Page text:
The furnace of the present invention allows a reactive gas to be uniformly supplied into each of the trays loaded with a feed powder or granules. In addition, the amount of reactive gas that is simply discharged from the furnace without taking part in the reaction can be reduced to such a low level that an intended reaction product of high quality can be consistently obtained in an efficient way. If the furnace of the present invention is employed, nitrides or oxynitrides such as silicon nitride, aluminum nitride, silicon oxynitride, aluminum oxynitride and Sialon can be produced by the reductive nitridation of oxides more efficiently than when the conventional furnaces are used.

The design concept of this furnace is also applicable to various oxidizing furnaces and sintering furnaces.

While the invention has been described in detail and with reference to specific embodiments thereof, it will be apparent to one skilled in the art that various changes and modifications can be made therein without departing from the spirit and scope thereof.

Patent Citations
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Non-Patent Citations
Reference
1 *Patent Abstracts of Japan, vol. 10, No. 120 (C 343) 2177 , 6th May 1986; and JP A 60 246 211 (Hitachi Kinzoku K. K.) 05 12 1985.
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Referenced by
Citing PatentFiling datePublication dateApplicantTitle
US5695262 *Jul 15, 1996Dec 9, 1997Wachtler; William R.Liquid processing and sorting system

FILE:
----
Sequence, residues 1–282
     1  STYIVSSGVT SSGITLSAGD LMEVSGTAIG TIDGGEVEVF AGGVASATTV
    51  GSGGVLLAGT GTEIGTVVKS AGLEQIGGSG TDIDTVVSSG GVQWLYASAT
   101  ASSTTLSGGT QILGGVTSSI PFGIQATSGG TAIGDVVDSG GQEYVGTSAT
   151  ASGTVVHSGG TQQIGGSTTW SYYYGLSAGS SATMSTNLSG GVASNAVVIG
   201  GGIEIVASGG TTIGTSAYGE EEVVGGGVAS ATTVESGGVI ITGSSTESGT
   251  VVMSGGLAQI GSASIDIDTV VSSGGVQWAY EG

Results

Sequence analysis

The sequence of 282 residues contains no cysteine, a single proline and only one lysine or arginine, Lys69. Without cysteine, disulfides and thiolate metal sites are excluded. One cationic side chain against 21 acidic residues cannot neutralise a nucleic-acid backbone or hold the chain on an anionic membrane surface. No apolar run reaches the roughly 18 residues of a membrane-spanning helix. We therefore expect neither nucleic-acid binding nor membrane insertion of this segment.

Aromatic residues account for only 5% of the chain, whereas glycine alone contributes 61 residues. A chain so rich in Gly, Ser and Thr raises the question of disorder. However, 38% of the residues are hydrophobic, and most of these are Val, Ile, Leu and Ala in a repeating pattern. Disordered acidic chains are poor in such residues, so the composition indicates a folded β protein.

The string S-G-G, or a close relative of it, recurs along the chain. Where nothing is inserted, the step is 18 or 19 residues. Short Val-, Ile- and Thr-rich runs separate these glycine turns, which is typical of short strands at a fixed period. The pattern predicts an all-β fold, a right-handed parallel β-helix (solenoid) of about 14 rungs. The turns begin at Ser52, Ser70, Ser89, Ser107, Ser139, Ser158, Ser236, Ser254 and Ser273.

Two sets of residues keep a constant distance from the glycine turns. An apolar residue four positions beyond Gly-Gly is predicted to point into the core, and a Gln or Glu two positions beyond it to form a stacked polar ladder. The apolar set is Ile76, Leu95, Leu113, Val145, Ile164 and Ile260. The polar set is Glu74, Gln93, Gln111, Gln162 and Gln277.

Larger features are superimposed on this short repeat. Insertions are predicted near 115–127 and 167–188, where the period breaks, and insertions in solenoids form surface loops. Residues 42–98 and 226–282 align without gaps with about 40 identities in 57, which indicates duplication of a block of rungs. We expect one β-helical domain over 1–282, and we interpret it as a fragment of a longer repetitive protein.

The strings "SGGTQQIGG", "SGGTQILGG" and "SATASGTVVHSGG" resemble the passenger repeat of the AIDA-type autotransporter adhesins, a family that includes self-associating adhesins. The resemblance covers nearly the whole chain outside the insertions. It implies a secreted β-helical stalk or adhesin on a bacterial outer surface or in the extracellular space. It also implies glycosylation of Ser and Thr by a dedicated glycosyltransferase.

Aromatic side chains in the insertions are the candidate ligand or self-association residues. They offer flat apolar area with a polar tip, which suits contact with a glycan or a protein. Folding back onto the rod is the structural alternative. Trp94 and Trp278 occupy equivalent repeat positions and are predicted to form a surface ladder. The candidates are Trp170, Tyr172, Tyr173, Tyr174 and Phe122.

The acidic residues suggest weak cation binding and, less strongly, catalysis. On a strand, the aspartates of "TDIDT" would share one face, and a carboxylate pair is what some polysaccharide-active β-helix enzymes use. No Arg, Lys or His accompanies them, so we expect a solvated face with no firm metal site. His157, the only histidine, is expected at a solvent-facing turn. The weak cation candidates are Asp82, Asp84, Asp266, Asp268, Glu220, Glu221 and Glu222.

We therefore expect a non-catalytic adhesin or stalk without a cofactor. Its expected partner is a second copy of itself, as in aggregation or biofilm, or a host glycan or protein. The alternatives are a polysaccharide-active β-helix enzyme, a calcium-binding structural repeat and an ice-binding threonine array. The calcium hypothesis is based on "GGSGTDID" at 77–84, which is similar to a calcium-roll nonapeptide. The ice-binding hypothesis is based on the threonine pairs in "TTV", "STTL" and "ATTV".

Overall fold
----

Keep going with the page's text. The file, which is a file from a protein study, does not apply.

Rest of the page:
CN101118115BSep 14, 2007Aug 10, 2011湖北三新磷酸有限公司Novel industrialization three kinds channel type tunnel kiln for directly preparing phosphoric acid with phosphate ore
Classifications
U.S. Classification422/601, 422/311, 34/238, 422/220, 34/195, 34/192, 34/206, 422/642, 422/646
International ClassificationC01B21/082, F27B17/00, C01B21/072, B01J8/02, C01B21/068, C01B21/06, F27B9/22, C04B35/64
Cooperative ClassificationC01B21/0685, C01B21/0726, C01B21/0821, C01B21/06, B01J8/0207
European ClassificationC01B21/082B, C01B21/072D, B01J8/02B, C01B21/068D, C01B21/06
Legal Events
DateCodeEventDescription
Mar 18, 2003FPExpired due to failure to pay maintenance fee
Effective date: 20030122
Jan 22, 2003LAPSLapse for failure to pay maintenance fees
Aug 6, 2002REMIMaintenance fee reminder mailed
Jul 13, 1998FPAYFee payment
Year of fee payment: 8
Jul 5, 1994FPAYFee payment
Year of fee payment: 4
Apr 8, 1988ASAssignment
Owner name: SUMITOMO CHEMICAL COMPANY, LIMITED, 15, KITAHAMA 5
Free format text: ASSIGNMENT OF ASSIGNORS INTEREST.;ASSIGNORS:NAKANO, KAZUHIKO;MATSUDA, NORIO;MURASE, MITSUTOSHI;AND OTHERS;REEL/FRAME:004850/0192
Effective date: 19880224
Free format text: ASSIGNMENT OF ASSIGNORS INTEREST;ASSIGNORS:NAKANO, KAZUHIKO;MATSUDA, NORIO;MURASE, MITSUTOSHI AND OTHERS;REEL/FRAME:4850/192
Owner name: SUMITOMO CHEMICAL COMPANY, LIMITED,JAPAN
Free format text: ASSIGNMENT OF ASSIGNORS INTEREST;ASSIGNORS:NAKANO, KAZUHIKO;MATSUDA, NORIO;MURASE, MITSUTOSHI;AND OTHERS;REEL/FRAME:004850/0192